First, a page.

Employee Fired for Refusing to Agree to Invasive Inquiries, Federal Agency Charged
DALLAS - Oncor Electric Delivery Company, LLC, a Dallas-based electric utility company, will pay $50,000 and furnish other relief to settle a disability discrimination lawsuit filed by the U.S. Equal Employment Opportunity Commission (EEOC), the federal agency announced today.
According to the EEOC's suit, Delores McCraney, a representative who worked for Oncor for 13 years, was fired from Oncor's Dallas headquarters when she refused to sign an agreement promising to abide by a company requirement to disclose, directly to her supervisor, all medications, whether prescription or over-the-counter, that could affect job performance, including dosages and changes of dosages.
The EEOC said that this broad requirement violated the prohibition against medical inquiries of employees under the Americans with Disabilities Act (ADA), which prohibits discrimination based on disability in the workplace. Under EEOC guidance, inquiries about employees' medications are permitted only in limited circumstances, in positions affecting public safety, and only where the employer can demonstrate that an employee's impaired ability to perform job duties will result in a direct threat.
The EEOC filed suit in U.S. District Court for the Northern District of Texas, Dallas Division, Case No 3:18-cv-01786, after first attempting to reach a pre-litigation settlement. In this case, the EEOC sought back pay plus compensatory and punitive damages, as well as injunctive relief, including an order barring similar violations in the future.
The three-year consent decree settling the suit, approved by order of U.S. District Judge Sam R. Cummings on, September 9, 2019, prohibits future discrimination and retaliation. In addition to the monetary relief, the company must disseminate its revised policy to all employees; provide annual training regarding the very limited new rule as to medication disclosures; provide avenues for reporting violations of the new policy; and warn of discipline for any manager who continues the prior discriminatory practices.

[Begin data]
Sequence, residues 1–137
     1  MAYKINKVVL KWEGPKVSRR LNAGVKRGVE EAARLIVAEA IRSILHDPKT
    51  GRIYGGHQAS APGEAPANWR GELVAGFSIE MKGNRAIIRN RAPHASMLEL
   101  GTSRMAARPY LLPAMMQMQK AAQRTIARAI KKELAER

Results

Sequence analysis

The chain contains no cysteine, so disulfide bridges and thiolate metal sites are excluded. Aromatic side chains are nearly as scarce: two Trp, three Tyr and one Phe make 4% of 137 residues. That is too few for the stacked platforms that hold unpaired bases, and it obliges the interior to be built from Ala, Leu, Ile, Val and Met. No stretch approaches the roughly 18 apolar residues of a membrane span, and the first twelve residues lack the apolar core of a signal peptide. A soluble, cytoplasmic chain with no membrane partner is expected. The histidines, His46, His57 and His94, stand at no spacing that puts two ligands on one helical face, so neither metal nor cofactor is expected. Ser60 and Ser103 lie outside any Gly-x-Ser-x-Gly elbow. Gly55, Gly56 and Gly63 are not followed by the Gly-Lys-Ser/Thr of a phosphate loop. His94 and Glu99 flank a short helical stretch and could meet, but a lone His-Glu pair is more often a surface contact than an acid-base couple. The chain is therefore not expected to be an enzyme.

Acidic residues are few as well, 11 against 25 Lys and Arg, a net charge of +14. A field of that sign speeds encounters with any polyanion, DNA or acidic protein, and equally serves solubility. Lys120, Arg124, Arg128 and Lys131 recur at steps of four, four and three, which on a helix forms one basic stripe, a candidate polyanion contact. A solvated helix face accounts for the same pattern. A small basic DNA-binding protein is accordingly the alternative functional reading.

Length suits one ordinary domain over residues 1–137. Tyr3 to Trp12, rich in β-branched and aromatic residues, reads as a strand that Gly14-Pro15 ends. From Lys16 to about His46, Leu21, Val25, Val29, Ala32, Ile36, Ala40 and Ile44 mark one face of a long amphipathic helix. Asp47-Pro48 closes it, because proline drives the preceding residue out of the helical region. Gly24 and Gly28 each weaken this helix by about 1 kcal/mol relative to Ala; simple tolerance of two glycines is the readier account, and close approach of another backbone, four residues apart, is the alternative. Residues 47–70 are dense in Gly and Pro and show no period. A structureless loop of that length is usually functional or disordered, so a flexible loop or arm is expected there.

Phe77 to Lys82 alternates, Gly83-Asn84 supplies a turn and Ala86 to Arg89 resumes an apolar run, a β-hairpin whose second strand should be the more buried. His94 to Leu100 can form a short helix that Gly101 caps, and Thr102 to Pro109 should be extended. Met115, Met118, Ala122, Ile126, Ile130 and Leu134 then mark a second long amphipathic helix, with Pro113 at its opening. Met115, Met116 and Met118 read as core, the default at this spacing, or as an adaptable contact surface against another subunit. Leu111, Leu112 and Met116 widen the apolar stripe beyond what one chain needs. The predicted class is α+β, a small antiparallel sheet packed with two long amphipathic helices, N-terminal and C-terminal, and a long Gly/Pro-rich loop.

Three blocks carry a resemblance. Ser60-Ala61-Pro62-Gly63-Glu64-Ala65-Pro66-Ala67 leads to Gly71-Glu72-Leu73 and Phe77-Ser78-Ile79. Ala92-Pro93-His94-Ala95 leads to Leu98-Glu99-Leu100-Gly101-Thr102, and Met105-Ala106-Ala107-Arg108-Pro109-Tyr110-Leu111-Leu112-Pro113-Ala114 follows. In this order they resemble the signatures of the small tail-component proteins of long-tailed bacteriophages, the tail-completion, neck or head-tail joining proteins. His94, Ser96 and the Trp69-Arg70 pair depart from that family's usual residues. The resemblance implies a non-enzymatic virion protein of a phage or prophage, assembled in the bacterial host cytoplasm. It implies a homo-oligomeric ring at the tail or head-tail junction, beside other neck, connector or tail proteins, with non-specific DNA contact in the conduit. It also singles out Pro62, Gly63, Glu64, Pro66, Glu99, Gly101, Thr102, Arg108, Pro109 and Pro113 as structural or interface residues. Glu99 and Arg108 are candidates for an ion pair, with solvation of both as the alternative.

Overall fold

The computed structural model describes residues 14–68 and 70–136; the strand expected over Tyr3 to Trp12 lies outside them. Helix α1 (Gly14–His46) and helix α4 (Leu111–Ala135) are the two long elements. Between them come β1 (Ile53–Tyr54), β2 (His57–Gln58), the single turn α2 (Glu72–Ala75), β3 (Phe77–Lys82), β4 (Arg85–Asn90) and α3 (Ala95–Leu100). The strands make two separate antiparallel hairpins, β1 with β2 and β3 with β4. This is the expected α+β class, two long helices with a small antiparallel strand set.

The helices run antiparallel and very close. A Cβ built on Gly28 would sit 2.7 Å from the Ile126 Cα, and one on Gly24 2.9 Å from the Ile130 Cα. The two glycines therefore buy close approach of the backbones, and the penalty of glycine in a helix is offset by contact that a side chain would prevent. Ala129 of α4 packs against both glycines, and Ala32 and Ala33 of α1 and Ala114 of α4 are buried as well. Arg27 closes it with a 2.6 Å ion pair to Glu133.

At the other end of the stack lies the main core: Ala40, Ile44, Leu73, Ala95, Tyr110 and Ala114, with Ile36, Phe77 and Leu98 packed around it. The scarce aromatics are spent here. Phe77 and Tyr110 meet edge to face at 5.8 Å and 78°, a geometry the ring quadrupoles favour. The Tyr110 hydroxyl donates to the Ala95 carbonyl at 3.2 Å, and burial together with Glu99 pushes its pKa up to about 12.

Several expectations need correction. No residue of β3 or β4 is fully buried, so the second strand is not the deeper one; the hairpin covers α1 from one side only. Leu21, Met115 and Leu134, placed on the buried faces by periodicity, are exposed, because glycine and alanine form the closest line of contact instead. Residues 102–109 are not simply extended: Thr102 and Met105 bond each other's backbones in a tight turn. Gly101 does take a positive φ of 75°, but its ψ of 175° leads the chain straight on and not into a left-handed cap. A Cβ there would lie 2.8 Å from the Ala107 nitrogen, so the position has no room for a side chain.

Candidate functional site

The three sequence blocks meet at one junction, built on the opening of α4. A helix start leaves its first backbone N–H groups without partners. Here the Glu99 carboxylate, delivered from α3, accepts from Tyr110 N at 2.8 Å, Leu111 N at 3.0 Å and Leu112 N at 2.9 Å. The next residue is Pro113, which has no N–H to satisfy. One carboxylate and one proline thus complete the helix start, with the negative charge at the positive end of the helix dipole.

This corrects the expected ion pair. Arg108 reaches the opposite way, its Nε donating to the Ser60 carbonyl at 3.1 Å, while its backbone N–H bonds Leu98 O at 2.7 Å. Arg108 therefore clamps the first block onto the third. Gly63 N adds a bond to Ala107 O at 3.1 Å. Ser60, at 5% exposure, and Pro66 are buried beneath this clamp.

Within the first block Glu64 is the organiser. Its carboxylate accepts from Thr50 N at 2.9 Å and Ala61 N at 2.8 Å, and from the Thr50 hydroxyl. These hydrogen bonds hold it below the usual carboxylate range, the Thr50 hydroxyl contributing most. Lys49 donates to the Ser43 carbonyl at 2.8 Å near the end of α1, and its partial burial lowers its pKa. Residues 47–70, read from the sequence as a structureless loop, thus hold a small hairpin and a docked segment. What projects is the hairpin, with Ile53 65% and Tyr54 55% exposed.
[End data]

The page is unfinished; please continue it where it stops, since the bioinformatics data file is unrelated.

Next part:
"Workers with disabilities that may not be obvious, but become known through identification of certain medications, should be allowed to work without being subject to exclusion or limitations imposed because of myths, fears and stereotypes about such conditions," said EEOC Trial Attorney Toby Wosk Costas. "These types of personal disclosures are exactly what the ADA was enacted almost 30 years ago to prevent."
Robert A. Canino, regional attorney of the EEOC's Dallas District Office, added, "We appreciate the willingness of Oncor to make its practices less intrusive and more respectful of employees' privacy interests regarding health conditions or impairments."
Oncor is a regulated electric utility company that provides service to approximately 10 million customers across Texas, including the Dallas/Fort Worth Metroplex.
The EEOC's Dallas District Office is responsible for processing charges of discrimination, administrative enforcement and the conduct of agency litigation in Texas and parts of New Mexico.
The EEOC advances opportunity in the workplace by enforcing federal laws prohibiting employment discrimination. More information is available at www.eeoc.gov. Stay connected with the latest EEOC news by subscribing to our email updates.